- IEEE 802.11 comprises a set of standards for wireless LAN (WLAN) operation.
802.11s is a draft amendment to the existing 802.11 standards documents to support mesh networking between WLAN nodes. It supports unicast and multicast routing, and RF-aware dynamic routing using a new dynamic routing protocol dubbed Hybrid Wireless Mesh Protocol (HWMP).
There is some support in the mac80211 stack in the Linux kernel to support an all-software implementation of 802.11s dubbed open8021s.
It is present in kernel 2.6.32 and above, and is backported through the wireless-testing git tree. [Citation Needed]
Hardware requirements for open80211s
- A WLAN adapter that has a driver written for the mac80211 framework. Consult the Driver Table to check that it also supports "mesh" as an interface type.
- Recommended computers
* Soekris computers with miniPCI slots. These are fairly open, low-power, x86 computers. They're produced in relatively small production runs so they can be somewhat expensive. * Ubiquiti RouterStation. A low-power, MIPS computer for WISP applications. Produced at scale, and relatively inexpensive. * RouterBoard are low-power, mostly Atheros-based MIPS computers made by WISP supplier MicroTik. Produced at scale and relatively inexpensive.
- Recommended wireless adapters/controllers
* Ubiquiti Networks Atheros-based miniPCI Adapters * XR2. A high-power 2.4 GHz adapter that supports 5 MHz channels. 28 dBm TXPO. * SR2. A high-power 2.4 GHz adapter that supports 5 MHz channels. 26 dBm TXPO. * XR5. A high-power 5 GHz adapter that supports 5 MHz channels. 28 dBm TXPO.
Example: configuring an open80211s network under Linux using mac80211_hwsim
There exists a testing driver in the mac80211 stack in Linux in recent kernels that will create simulated 802.11 devices so that one can test mesh networking even if they don't have proper adapters yet. It creates a configurable number of adapters (default is 2) that will shuttle frames between adapters that are tuned to the same frequency.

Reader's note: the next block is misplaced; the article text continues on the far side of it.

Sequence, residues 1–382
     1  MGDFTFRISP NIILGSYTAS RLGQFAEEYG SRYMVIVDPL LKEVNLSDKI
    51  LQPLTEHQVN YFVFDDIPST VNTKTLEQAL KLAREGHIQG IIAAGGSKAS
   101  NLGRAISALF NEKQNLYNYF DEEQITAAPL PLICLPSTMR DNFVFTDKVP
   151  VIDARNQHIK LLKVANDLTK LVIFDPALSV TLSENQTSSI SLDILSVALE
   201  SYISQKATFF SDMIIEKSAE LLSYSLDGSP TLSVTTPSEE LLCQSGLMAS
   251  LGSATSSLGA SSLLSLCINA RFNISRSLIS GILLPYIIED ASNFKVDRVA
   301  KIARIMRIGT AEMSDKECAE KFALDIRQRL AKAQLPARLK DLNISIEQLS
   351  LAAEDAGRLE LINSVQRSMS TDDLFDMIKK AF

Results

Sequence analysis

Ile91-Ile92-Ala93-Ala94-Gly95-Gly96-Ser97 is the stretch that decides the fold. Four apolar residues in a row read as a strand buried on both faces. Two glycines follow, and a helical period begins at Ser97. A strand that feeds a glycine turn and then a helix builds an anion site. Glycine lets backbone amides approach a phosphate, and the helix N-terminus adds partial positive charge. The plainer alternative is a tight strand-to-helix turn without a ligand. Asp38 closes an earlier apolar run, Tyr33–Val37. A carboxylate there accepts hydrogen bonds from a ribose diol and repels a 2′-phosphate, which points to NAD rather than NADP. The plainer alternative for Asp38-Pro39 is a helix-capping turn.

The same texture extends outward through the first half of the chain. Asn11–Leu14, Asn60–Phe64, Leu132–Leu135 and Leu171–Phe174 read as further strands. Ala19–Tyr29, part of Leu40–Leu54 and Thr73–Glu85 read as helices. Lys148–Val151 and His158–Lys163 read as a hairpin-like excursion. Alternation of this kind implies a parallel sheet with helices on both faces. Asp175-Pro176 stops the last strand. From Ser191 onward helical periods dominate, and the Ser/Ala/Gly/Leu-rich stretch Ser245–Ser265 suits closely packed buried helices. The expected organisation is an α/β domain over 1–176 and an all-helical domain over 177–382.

- Before beginning, make sure that you have a recent version of the "iw" utility, as the netlink interface to mac80211 is under constant development.
- First, load the mac80211_hwsim driver
- You should see some lines in your dmesg like:
[80477.585860] mac80211_hwsim: Initializing radio 0 [80477.586051] phy3: Selected rate control algorithm 'minstrel' [80477.587047] phy3: hwaddr 02:00:00:00:00:00 registered [80477.587057] mac80211_hwsim: Initializing radio 1 [80477.587326] phy4: Selected rate control algorithm 'minstrel' [80477.588596] phy4: hwaddr 02:00:00:00:01:00 registered
- Pick a 32-byte "mesh ID". "hinternet" is used here.
- Create some mesh interfaces from the two phys that were created (called wlan1 and wlan2 here)
think:~# iw dev wlan1 interface add mesh1 type mp mesh_id hinternet think:~# iw dev wlan2 interface add mesh2 type mp mesh_id hinternet
- See the new devices with "iw dev"
think:~# iw dev phy#4 Interface mesh2 ifindex 22 type mesh point Interface wlan2 ifindex 19 type managed phy#3 Interface mesh1 ifindex 21 type mesh point Interface wlan1 ifindex 18 type managed
- Bring "UP" the mesh interfaces
think:~# ip link set dev mesh1 up think:~# ip link set dev mesh2 up
- Tune the interfaces to the same channel
think:~# iw dev mesh1 set channel 1 think:~# iw dev mesh2 set channel 1
- At this point, the mesh interfaces should be able to "hear" each other and create adjacencies
think:~# iw dev mesh1 station dump Station 02:00:00:00:01:00 (on mesh1) inactive time: 612 ms rx bytes: 17352 rx packets: 171 tx bytes: 264 tx packets: 3 signal: -50 dBm tx bitrate: 1.0 MBit/s mesh llid: 46469 mesh plid: 33020 mesh plink: ESTAB think:~# iw dev mesh2 station dump Station 02:00:00:00:00:00 (on mesh2) inactive time: 912 ms rx bytes: 22127 rx packets: 232 tx bytes: 594 tx packets: 8 signal: -50 dBm tx bitrate: 1.0 MBit/s mesh llid: 33020 mesh plid: 46469 mesh plink: ESTAB